Now, cohabiting couples account for 10 percent of all opposite-sex couples in the United States! This information is significant to sociologists and you because these numbers indicate dramatic changes in the structure of the American family.
Next you will take a look at religion. Religion, like family, is yet another significant indicator of social structures within a culture.
It is important to note that you will be studying religion from a sociological perspective, not a religious perspective. Durkheim found that some people use religion for healing and faith, others use it for communal bond, and even others may use it for understanding "the meaning of life.
You will also study the American school and educational systems.
In sociology, we understand education to be both a social problem and a social solution. You will learn how schools can be agents for social change - tools that can break even poverty or racism - as well as how education can be a social problem, like when schools become drop-out factories due to low funding or high levels of institutional disorganization.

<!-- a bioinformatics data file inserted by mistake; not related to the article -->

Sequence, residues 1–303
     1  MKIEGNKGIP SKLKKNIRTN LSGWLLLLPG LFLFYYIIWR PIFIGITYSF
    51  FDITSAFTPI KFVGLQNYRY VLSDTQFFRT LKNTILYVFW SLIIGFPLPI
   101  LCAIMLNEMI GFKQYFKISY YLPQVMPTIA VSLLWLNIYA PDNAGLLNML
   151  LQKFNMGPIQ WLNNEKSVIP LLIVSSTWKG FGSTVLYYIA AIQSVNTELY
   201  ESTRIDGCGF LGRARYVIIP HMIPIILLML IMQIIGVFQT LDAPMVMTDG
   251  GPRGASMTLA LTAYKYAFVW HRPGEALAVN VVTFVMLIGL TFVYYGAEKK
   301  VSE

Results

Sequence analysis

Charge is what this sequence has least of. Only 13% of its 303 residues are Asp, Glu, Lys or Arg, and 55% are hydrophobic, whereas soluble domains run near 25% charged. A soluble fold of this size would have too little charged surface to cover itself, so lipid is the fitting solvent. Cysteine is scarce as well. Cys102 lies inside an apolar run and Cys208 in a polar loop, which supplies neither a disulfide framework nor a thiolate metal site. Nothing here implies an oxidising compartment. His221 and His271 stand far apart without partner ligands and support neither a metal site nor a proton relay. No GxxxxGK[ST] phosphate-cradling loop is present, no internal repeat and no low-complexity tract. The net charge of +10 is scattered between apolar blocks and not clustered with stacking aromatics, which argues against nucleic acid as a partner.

In addition, we often observe political and religious opposition to specific curriculum in schools, such as adequate sex education or the concept of evolution.The Department of History offers a curriculum that includes a wide range of geographical, thematic, and temporal fields. Students can choose from courses in American, European, Asian, Middle Eastern, Latin American, and African history in the early modern and modern time periods, as well as courses centering on cross-national themes such as the history of colonialism and imperialism, the Cold.
Study Flashcards On Sociology Final Exam at heartoftexashop.com Quickly memorize the terms, phrases and much more. heartoftexashop.com makes it easy to get the grade you want! View Notes - SOC Final from SOC at Washington State University.
FINAL EXAM SOC Mason Cogle Sociology Final Below is the final exam for 92%(13). Serial Number Criteria: Description Criteria: T Data last updated: Tue Mar 15 Douglas C MSN / DC for USAAC. (MSN ) delivered May 15, Hi Stu.